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Colombia Partnership : Shared Source

Relationships are at the heart of what we do at Non-Fiction. We’ve had the pleasure of working more closely with some producers than others, although we’d love to have a more direct personal relationship with all of the producers with whom we partner. Colombia has been one of those countries in which we’ve not had a clear door open to more personal relationships with either a coffee farmer or small scale importer.

However, we’ve recently come into partnership with a collection of individuals in Colombia, who’re ensuring more than sufficient wages are being paid for coffee and also ensuring producers can plan/prepare for the future. Shared Source has had boots on the ground in Colombia for several years, and have developed long standing relationships with smallholder farmers. We’re honored to be able to showcase the work of producers from whom they purchase coffees. 

Didier Javier, Christian, and Elias Pajoy


Shared Source prioritizes whole harvest purchasing, which is more of a gift than it seems. Many farms, if they’re producing a top lot, have well-meaning roasters come in and buy only the top lot, which may make up only 15% of their harvest. The producer is then left to scramble to find another buyer for the remainder of their coffee in a timely manner, and could very likely be left to sell their remaining coffee at the local market or to “coyotes”. 

On top of whole harvest purchasing, Shared Source also prioritizes partnering with those who may have fewer opportunities in the industry (ex. Female producer, young producer, or simply a smallholder producer). Producers who have little access to funding and who don’t have contracts from buyers are often left unable to take on small business loans, which they’d need to purchase fertilizer and other farming equipment. 

On that topic, fertilizer costs are becoming a major hindrance to sustainability and financial stability for producers. On top of that, labor shortages are increasing the cost of paying laborers to pick coffee cherries. Without access to financing, producers face the possibility of their crop quality diminishing from insufficient picking practices or they could lose a majority of their crop altogether. Shared Source is taking the small but necessary steps to ensure producers have access to the funds and resources necessary to thrive and sustain coffee production for years to come.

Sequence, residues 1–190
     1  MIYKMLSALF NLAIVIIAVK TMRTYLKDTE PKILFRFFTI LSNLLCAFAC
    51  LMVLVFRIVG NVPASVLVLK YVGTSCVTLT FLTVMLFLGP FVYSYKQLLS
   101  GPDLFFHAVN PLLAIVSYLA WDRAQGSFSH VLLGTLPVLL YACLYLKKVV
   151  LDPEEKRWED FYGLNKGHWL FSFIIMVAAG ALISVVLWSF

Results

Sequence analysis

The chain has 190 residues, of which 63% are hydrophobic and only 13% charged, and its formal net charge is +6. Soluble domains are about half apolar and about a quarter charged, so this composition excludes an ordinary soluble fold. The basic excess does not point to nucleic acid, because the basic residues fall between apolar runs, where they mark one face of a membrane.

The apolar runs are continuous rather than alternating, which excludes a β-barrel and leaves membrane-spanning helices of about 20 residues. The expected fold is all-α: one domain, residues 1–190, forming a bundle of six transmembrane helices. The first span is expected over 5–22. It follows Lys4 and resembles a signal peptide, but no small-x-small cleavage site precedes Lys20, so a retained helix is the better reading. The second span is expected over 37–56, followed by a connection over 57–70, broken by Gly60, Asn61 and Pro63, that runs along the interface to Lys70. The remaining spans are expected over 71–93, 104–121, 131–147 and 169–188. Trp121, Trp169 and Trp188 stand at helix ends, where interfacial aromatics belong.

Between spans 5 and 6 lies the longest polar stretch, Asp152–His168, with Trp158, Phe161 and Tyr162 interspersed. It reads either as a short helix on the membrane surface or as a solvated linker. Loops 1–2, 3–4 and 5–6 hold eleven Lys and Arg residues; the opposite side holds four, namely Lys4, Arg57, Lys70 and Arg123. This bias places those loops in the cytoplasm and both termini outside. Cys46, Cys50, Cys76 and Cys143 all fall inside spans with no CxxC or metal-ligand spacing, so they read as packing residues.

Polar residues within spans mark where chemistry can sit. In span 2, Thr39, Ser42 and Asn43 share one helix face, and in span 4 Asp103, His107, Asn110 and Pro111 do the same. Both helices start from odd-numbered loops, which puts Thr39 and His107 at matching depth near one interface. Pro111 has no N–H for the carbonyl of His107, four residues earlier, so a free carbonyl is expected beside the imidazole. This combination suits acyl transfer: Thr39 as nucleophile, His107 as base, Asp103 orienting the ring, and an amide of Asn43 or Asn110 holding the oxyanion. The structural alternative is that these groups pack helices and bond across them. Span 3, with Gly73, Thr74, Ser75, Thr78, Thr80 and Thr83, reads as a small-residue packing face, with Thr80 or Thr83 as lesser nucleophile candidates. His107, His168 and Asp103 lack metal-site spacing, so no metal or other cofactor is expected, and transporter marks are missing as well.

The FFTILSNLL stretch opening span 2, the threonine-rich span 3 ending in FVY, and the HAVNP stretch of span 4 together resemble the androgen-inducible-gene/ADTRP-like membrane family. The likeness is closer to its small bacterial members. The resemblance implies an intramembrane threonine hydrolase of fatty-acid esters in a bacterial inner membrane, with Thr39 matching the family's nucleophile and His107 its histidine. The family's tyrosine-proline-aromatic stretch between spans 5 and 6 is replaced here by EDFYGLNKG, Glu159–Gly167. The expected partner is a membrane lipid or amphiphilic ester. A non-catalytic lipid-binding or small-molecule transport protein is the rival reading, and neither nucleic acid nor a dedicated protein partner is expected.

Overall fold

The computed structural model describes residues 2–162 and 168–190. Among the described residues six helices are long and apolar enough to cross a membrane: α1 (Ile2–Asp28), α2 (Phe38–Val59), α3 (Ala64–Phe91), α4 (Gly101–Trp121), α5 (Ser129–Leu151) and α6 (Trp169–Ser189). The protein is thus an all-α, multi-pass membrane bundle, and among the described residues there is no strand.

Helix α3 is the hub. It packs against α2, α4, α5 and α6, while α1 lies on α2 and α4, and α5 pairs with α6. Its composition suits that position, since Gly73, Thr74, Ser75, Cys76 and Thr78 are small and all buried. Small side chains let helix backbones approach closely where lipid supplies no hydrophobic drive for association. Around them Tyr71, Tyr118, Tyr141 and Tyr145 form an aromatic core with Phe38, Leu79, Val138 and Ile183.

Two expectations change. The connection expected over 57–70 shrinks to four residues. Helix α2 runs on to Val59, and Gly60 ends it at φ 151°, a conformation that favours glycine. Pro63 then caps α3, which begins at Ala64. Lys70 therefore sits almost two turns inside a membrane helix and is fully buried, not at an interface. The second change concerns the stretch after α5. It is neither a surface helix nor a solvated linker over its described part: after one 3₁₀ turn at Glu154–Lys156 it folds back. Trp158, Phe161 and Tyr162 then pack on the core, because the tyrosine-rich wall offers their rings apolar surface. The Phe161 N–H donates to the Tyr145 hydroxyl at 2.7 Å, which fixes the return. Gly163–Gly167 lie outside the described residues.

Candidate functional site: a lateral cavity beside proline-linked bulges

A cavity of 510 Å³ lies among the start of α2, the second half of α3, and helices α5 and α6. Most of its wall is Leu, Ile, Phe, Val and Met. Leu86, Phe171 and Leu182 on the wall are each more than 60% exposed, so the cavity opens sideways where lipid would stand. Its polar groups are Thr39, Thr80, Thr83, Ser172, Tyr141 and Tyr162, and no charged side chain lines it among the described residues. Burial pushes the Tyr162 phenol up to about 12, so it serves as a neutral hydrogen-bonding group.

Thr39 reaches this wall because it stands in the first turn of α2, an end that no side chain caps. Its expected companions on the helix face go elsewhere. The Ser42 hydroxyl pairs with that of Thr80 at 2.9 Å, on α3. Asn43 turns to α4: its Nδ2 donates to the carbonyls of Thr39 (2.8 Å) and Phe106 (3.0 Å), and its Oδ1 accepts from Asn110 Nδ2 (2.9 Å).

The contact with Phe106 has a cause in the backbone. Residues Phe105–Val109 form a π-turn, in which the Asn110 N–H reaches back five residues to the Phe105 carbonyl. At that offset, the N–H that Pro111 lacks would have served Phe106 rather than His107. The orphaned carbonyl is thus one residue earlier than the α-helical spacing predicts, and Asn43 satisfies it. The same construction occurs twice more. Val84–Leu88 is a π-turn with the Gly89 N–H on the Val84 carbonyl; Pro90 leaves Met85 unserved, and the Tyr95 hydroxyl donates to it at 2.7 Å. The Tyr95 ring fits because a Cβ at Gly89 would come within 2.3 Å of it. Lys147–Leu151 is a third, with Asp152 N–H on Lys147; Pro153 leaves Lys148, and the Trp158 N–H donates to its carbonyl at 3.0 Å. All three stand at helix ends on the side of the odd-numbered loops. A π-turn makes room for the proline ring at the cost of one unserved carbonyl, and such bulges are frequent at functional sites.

Raquel Lasso

Here is a quote from their website, which gets at the heart of who Shared Source is: 

We recognize inherent power imbalances in relationships between buyers and sellers, and we seek to empower producers to recognize the value that they can and do add to their product. We do this by regularly sharing cupping notes, visiting producers to learn about their processing techniques and making suggestions when it’s helpful and relevant. … We want to help people realize that it’s not for marketing benefit that we should buy this way, but because it’s the right way to buy. It’s the only way to participate in the industry while aspiring to be a good global citizen.”

“Seeking to empower producers” – that’s really what being in our line of work is all about, isn’t it? Once you’ve seen how marginalized coffee farmers can be, finding every opportunity to right that wrong and to flip the supply chain on its head becomes priority one.  Shining light on and paying honorably the kindest, most humble, hardest working people is the least we can do. We’re honored to continue this pursuit with our new friends, Shared Source. 


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